example, instead of saying an autistic student, person-first language would say a student with autism. Identity-first language leads with a person’s diagnosis, such as being a “disabled person”.
Although person-first language is frequently used by professionals and parents, this practice has received criticism from self-advocates and scholars who believe that identity-defining features, such as autism, can’t be separated from a person.
Thoughts behind the use of person-first language include that it helps to ensure people with disabilities are treated with the same respect as people without disabilities. However, this type of language can be viewed as treating a disability like having a disease or illness.
Conversely, identity-first language conveys that a disability is permanent and important part of a person’s identity. The Blind, Deaf, and Autistic communities see their disabilities as being fundamental parts of who they are, and in turn, identity-first language promotes positive cultural identity. Drawbacks to using identify-first language include this type of language may cause others to think a person’s disability completely defines who they are.
Recent research in the US and other countries, like the UK and Australia, agree that as a
whole, autistic adults prefer identity-first language terms (“autistic person”) to refer to
themselves or others with autism, yet professionals who work in the autism community are more likely to support and use person-first language (“person with autism”).
However, within the research and debate on whether to use person-first language or
identity-first language, the phrase that seems the least objectionable to each side is “a
person on the spectrum.”
Overall, it’s important to acknowledge others’ personal preferences and individual rights to
decide how they’re described. It’s best to ask each individual which language they prefer.

References: “Autism Language: Person-first or Identity-first?” Autism Parenting Magazine, 22 Jun. 2021, Accessed 29
Mar. 2023.
“Ask a Self-Advocate: The Pros and Cons of Person-First and Identity-First Language.”
Massachusetts Advocates for Children, 23 Apr. 2023,
advocate-the-pros-and-cons-of-person-first-and-identity-first-language. Accessed 29 Mar.
“What Label Do People on the Autism Spectrum Prefer?” All Psych, 2 Mar. 2020. Accessed 29
Mar. 2023.

Spring Cleaning Strategies

By: Crystal Grey-Hewett

Spring is a great time to work on cleaning and housekeeping skills. It’s a natural tendency to want to use the change of seasons to clean up the environment and make it more beautiful, and we can also use this time to teach and reinforce the activities of daily living that will follow us and our children the rest of our lives.
Here are some spring cleaning tips to work on with your kids:
  1. Pick up 5-10 things per day in your room and put them where they belong. It will reinforce a routine and not feel overwhelming.
  2. Use the “Match It” strategy. Take a photo of a clean and organized environment and tell the person to make the room match the photo.
  3. Use a printed room-by-room checklist that tells the person exactly what they are expected to do.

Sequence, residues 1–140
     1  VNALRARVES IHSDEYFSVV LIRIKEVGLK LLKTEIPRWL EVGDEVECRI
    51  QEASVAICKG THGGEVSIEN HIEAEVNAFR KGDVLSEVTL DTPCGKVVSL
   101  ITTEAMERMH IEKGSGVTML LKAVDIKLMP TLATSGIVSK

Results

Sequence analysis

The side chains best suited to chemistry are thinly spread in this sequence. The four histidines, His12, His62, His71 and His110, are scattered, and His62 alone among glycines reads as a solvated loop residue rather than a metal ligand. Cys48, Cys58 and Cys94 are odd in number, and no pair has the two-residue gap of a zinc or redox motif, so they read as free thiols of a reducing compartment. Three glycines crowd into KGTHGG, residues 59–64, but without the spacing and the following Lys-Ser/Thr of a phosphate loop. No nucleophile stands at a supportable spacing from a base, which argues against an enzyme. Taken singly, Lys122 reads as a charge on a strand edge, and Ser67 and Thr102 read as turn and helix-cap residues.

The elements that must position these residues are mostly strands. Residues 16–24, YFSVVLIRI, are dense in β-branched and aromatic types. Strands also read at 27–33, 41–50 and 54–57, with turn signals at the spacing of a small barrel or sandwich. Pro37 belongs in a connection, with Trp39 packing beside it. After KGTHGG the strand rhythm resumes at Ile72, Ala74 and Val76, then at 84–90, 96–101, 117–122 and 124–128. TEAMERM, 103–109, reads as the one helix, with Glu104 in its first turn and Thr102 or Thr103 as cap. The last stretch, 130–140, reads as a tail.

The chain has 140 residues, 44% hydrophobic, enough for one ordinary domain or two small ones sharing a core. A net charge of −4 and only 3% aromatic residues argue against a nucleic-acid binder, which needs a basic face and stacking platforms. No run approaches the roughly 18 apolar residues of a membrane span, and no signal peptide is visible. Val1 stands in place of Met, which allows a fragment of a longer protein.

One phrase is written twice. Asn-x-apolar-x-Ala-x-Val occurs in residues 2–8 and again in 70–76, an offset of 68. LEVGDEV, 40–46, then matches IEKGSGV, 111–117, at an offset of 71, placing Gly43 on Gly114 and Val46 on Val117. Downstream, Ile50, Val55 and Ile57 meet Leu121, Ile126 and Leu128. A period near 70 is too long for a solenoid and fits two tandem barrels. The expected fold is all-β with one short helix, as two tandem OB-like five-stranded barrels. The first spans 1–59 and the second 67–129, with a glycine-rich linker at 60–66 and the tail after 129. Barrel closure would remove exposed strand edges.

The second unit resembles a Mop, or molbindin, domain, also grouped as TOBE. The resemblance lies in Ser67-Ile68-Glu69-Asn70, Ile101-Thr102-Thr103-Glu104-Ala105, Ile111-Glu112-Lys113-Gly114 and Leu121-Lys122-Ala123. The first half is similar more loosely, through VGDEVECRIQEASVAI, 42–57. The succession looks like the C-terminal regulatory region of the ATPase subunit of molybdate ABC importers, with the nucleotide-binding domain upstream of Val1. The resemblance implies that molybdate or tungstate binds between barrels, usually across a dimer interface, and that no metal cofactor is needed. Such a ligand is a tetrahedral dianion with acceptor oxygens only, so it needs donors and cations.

4. Use the time to focus on heavy work exercises, such as pushing a vacuum cleaner and dragging a laundry basket.
  5. Label certain spaces by their function. You can find very cute signs or make your own as an activity. 

Brad Burnette Tribute

By: Debi Cassidy

On February 28, 2023, the regional autism community lost one of its most ardent advocates. Brad Burnette was the president of Autism Spectrum of the Emerald Coast, and was one of the founders of the EMERGE group for young adults on the autism spectrum.
In his work with these organizations, he performed extraordinary and creative acts of altruism and advocacy, and took great joy and pride in the people he worked with and their accomplishments. He was also the president of and a proud coach for the Niceville Challenger League.

He is survived by his wife and five children, as well as various family members, friends, and the autism community at large. Although we will miss him, we at FSU CARD feel confident that the good work that he began will continue and flourish for years to come.

If you would like to support Brad’s family, a GoFundMe link is below.

What You Need to Know About Sensory Food Issues

By: Regina Parsons-Allen

“Sight, smell, taste, and touch are some of the contributing factors to a child’s sensory food issues. How it looks, smells, the consistency/texture of the food, and the way it feels on the fingers or utensils can make a child/learner feel uneasy, uncomfortable, and unwilling to try. Children and older learners struggling with sensory issues with food, are often lacking a good variety of foods that contain proper nutrition for their health and development.”

How do I Request Assistance from FSU CARD?
Visit the FAQs Section on our website or
click on the buttons below.

Share with CARD

FSU CARD is continuously looking for clients who would like to share their art, writing pieces, or success stories in our quarterly newsletter. If you are interested in sharing for our next issue, please send a message and image electronically to FSU CARD ([email protected]). All art or writing pieces should be titled. Select submissions will be chosen for each edition of the newsletter; artists and authors will be notified if their article is chosen.